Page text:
More than 41 million people face hunger in the U.S. today. In fact, people face hunger in every community across the U.S., which means someone you know might be struggling to get enough to eat. It can be easy to ignore the crisis of hunger that’s happening all around you if you’ve always had enough. Sometimes it takes emergencies, like the hurricanes that swept the country last year, to shed a light on the hidden problem of hunger.

In 2018, StoryCorps partnered with Feeding America — the nation’s leading hunger-relief organization — to share the stories of people facing hunger in the aftermath of Hurricane Harvey in Houston, Texas. As part of the partnership, our facilitators traveled to two food pantries supported by the Houston Food Bank, the food bank’s own Emergency Food Pantry, and West Houston Assistance Ministries to record conversations with the people they serve. We heard stories both from folks who have leaned on the pantries since before the hurricane and from folks who only needed help post-Harvey.

The conversations we heard centered around themes of fear, loss, and displacement and family, friendship, and resilience. Participants described food pantries as a vital form of assistance during illness or periods of unemployment. They emphasized that when you lose everything — either after a layoff or a catastrophe that displaces you from your home — finding food is a first priority. Accordingly, food pantries are a helping hand and a source of hope during bleak times.

Universally, participants reflected on the challenge of accepting assistance given America’s emphasis on personal responsibility and independence. Even though circumstances outside their control led them to seek help from food pantries, many people described feeling ashamed to visit a pantry for the first time. They felt discouraged because being able to provide for their loved ones on their own was central to their identity. Given their role as caretakers, parents in particular discussed the challenge of swallowing their pride and asking for help to support their children, even in the face of displacement and extreme loss.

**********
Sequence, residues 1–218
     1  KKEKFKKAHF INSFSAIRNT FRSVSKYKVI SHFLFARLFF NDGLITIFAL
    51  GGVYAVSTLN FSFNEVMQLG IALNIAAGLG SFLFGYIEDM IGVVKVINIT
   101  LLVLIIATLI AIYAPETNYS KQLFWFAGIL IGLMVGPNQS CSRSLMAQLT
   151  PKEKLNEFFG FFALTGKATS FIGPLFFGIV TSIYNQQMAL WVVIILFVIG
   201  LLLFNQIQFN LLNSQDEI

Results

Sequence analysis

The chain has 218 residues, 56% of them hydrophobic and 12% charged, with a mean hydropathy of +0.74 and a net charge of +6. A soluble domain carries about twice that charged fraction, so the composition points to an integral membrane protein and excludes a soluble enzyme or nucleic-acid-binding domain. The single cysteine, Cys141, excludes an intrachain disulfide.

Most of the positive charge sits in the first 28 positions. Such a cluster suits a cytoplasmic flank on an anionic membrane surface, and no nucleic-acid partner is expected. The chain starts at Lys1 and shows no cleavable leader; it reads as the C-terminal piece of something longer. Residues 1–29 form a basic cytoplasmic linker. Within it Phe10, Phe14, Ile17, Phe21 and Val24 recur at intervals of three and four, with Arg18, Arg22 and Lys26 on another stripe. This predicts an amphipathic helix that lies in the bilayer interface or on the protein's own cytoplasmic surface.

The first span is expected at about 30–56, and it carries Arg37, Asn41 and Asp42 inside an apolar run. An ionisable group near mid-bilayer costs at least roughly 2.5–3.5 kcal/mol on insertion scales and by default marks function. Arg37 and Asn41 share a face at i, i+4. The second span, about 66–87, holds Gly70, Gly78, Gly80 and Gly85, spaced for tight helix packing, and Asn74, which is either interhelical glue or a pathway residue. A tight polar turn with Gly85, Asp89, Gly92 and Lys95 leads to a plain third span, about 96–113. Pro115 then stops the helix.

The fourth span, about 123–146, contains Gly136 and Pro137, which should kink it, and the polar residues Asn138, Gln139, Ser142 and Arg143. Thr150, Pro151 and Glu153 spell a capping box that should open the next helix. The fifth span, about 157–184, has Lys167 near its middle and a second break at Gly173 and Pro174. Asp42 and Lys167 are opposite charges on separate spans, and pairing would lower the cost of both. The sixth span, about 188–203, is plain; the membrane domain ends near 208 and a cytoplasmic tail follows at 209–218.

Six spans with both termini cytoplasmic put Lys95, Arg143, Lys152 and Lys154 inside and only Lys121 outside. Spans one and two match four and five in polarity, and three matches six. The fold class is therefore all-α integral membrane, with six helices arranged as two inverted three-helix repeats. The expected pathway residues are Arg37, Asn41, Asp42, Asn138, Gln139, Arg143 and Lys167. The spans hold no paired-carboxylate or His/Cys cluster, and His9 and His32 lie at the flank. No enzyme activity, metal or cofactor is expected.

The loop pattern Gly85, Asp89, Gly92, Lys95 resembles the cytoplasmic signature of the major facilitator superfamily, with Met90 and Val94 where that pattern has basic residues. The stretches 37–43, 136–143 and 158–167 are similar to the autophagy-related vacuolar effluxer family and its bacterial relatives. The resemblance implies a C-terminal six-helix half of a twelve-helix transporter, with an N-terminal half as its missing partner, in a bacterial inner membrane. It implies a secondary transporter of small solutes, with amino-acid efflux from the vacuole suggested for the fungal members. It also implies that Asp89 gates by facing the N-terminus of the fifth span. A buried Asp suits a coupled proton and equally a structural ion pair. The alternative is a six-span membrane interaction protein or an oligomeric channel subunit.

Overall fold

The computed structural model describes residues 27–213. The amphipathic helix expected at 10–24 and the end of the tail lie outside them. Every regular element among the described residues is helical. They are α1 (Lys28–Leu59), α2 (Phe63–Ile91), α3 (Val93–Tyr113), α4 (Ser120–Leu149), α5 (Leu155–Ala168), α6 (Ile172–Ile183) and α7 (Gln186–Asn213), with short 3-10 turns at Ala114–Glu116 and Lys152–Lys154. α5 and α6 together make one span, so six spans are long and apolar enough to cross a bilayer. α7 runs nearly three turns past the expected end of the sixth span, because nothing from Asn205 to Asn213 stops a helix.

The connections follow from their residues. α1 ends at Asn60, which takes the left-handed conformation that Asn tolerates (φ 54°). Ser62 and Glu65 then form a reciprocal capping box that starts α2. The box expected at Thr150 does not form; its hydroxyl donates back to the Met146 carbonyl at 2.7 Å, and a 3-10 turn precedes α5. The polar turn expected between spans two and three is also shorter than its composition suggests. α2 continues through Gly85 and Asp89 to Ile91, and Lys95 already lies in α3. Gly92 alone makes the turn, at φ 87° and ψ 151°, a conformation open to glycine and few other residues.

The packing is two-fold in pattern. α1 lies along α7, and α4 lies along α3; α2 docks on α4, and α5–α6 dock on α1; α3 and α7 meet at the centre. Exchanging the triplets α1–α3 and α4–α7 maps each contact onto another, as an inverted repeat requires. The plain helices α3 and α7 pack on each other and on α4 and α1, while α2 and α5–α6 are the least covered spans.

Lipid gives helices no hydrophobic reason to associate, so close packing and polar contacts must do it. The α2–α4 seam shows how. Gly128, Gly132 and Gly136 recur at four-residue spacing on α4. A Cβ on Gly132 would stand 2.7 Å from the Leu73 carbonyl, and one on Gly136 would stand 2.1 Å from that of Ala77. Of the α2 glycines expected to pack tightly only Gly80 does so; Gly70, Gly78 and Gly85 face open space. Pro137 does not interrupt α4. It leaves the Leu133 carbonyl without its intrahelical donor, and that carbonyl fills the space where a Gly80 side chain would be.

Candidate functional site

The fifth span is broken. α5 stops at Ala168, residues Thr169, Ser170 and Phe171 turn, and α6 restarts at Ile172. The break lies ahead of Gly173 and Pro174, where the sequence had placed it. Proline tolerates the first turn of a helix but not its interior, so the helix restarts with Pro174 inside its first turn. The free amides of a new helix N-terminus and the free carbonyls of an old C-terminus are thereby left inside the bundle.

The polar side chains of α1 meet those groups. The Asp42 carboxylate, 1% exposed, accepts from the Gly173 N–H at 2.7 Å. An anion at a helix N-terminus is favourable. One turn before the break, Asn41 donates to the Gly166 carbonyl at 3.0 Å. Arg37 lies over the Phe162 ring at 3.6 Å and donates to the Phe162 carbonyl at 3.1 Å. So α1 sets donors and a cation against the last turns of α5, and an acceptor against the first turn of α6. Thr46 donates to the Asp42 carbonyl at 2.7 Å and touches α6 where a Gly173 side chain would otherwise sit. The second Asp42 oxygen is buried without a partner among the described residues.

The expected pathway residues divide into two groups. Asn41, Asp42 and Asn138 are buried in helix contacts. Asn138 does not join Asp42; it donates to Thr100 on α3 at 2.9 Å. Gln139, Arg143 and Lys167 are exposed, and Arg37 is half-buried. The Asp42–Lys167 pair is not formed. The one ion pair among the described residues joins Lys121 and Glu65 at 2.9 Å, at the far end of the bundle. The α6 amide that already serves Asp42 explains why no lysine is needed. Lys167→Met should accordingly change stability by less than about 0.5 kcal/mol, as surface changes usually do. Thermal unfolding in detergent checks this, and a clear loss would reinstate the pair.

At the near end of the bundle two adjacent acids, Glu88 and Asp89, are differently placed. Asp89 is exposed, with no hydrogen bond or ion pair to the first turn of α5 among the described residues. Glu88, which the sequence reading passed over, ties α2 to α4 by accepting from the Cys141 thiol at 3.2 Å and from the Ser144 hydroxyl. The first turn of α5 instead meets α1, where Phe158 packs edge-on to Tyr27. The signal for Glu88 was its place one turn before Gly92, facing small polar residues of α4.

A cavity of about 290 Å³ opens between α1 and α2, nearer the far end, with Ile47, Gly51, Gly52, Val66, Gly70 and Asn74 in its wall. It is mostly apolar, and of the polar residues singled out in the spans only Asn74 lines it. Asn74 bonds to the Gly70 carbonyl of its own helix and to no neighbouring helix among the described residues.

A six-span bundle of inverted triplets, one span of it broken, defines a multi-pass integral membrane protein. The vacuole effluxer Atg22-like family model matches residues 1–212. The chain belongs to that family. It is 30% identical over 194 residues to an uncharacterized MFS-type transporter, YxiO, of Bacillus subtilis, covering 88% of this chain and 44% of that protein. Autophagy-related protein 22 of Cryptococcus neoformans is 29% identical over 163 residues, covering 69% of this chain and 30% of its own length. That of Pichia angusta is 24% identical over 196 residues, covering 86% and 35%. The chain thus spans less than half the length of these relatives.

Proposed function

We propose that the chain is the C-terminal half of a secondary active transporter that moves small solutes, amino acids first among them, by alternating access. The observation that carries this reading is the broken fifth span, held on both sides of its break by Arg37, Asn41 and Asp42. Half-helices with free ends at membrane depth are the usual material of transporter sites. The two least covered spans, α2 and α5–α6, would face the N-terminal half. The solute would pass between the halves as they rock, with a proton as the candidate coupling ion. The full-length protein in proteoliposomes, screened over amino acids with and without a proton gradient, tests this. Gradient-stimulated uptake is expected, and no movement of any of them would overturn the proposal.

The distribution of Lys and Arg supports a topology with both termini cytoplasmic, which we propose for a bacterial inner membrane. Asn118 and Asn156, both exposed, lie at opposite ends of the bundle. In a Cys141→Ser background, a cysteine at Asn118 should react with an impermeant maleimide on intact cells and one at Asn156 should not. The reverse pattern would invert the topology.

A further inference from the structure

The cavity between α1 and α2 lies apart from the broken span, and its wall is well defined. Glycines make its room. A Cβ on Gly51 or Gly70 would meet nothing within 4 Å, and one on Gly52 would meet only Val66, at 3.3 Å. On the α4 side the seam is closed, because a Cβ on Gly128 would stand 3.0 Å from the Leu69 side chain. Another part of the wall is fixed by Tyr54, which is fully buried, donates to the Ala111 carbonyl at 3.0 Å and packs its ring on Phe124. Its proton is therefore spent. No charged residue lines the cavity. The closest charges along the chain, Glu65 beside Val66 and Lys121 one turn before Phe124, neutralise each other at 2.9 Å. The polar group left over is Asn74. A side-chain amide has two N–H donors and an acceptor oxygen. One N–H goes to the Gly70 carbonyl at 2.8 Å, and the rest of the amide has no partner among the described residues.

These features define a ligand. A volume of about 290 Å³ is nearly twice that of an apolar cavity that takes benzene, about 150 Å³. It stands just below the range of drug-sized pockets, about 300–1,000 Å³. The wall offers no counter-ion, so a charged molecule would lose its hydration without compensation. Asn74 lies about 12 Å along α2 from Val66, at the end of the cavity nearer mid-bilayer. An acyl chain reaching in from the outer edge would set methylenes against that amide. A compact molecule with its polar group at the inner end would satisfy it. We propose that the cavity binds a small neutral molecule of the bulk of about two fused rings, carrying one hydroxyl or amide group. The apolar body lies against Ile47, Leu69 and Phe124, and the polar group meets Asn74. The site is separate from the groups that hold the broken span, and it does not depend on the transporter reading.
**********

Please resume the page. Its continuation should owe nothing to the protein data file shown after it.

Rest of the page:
Below, watch animations based on a few of the conversations we recorded with Feeding America.

Mother and son Mary and Jaylon Colon talk about struggling with hunger even before Harvey. The Colons depended on the Emergency Food Pantry at the Houston Food Bank when Mary got fibromyalgia and couldn’t work.

Beverly and Key Dauterive lost their home and jobs in the wake of Harvey. They discuss the destruction which forced them to travel from place to place after the storm and the sacrifices they made to make sure their family had food.

Feeding America is the largest hunger-relief organization in the United States. Through a network of 200 food banks and 60,000 food pantries and meal programs, it provides meals to more than 46 million people each year.